Attorney Jonathan Emord
June 28, 2010
You know you’re getting old when almost all music, literature, art, and theatre that you like is unknown to those with whom you work and socialize. You also know you are nearing your end game when the most common discussion young people have with you concerns not your current projects but advice for their prospective careers. Here is how I respond to a young lawyer or lawyer to be.
You are nothing without integrity and firmly held principles. On the point of integrity, I tell young folks that there is never an instance when it is okay to sacrifice your integrity to achieve an end. In that regard, I relay a story from when I was about 25, having practiced law for just one year. A partner in a firm I worked for asked me to draft a pleading on behalf of a client that would recommend FCC retention of the fairness doctrine. The fairness doctrine was an awful broadcast regulation that placed the government in the role of a super editor, lording over how broadcast journalists exercised their First Amendment editorial discretion on controversial issues of public importance. Rascals in Congress still want this unconstitutional doctrine applied but its enemies are numerous and outspoken. Under the fairness doctrine, broadcasters who presented one side of a controversial issue of public importance were obliged to present the other side in a roughly equivalent fashion. The effect of the fairness doctrine was to cause most broadcast journalists to flee from controversy--either by avoiding editorial content altogether or by presenting it on issues that were clearly not controversial. In short, it achieved a pervasive chilling effect, dumbing down discourse in the idea and information market. As a First Amendment attorney, I abhorred the fairness doctrine’s effective censorship of controversial editorials. It offended my core beliefs in the Constitution and in freedom of speech.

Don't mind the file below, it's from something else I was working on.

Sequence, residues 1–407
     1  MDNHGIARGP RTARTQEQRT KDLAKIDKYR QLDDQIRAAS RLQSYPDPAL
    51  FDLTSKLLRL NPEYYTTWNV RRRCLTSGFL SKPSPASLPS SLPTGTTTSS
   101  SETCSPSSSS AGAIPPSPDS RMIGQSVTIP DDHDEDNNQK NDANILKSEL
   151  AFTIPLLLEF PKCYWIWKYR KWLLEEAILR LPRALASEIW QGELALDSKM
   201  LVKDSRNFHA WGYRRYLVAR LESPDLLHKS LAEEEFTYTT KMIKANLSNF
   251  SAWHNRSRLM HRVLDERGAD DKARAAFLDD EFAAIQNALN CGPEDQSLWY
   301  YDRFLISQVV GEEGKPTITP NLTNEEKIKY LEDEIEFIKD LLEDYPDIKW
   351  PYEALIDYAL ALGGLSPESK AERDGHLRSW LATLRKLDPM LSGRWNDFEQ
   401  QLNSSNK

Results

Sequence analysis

Although an act of insubordination by a junior associate, I informed a partner for whom I worked that I could not in good conscience draft any pleading that would support the fairness doctrine because it violated the First Amendment. The dissent was considered unacceptable. How could a 25 year old associate refuse to comply with an order from an accomplished partner to do work? It is not the associate’s place to decide who the firm would represent or the firm’s allocation of work, after all, the associate should be grateful for having any work at all. I was told in no uncertain terms that I was expected to do the work even if I disagreed with the client’s position, that failing to do it was insubordination and grounds for termination, that a loss of a job for insubordination would make it very difficult for me to find another job, and that all lawyers must from time to time take on matters with which they have disagreement (it goes with the turf). I explained that I could not in good conscience do the work. I explained that I understood the refusal to be insubordination but could not apply whatever talent I had to support a law I believed unconstitutional. Ultimately the partners met to consider my fate. Although I am not privy to the reasons why, I was informed that I would not be terminated. I credit that to the good character of those for whom I worked and their wise reflection on the matter.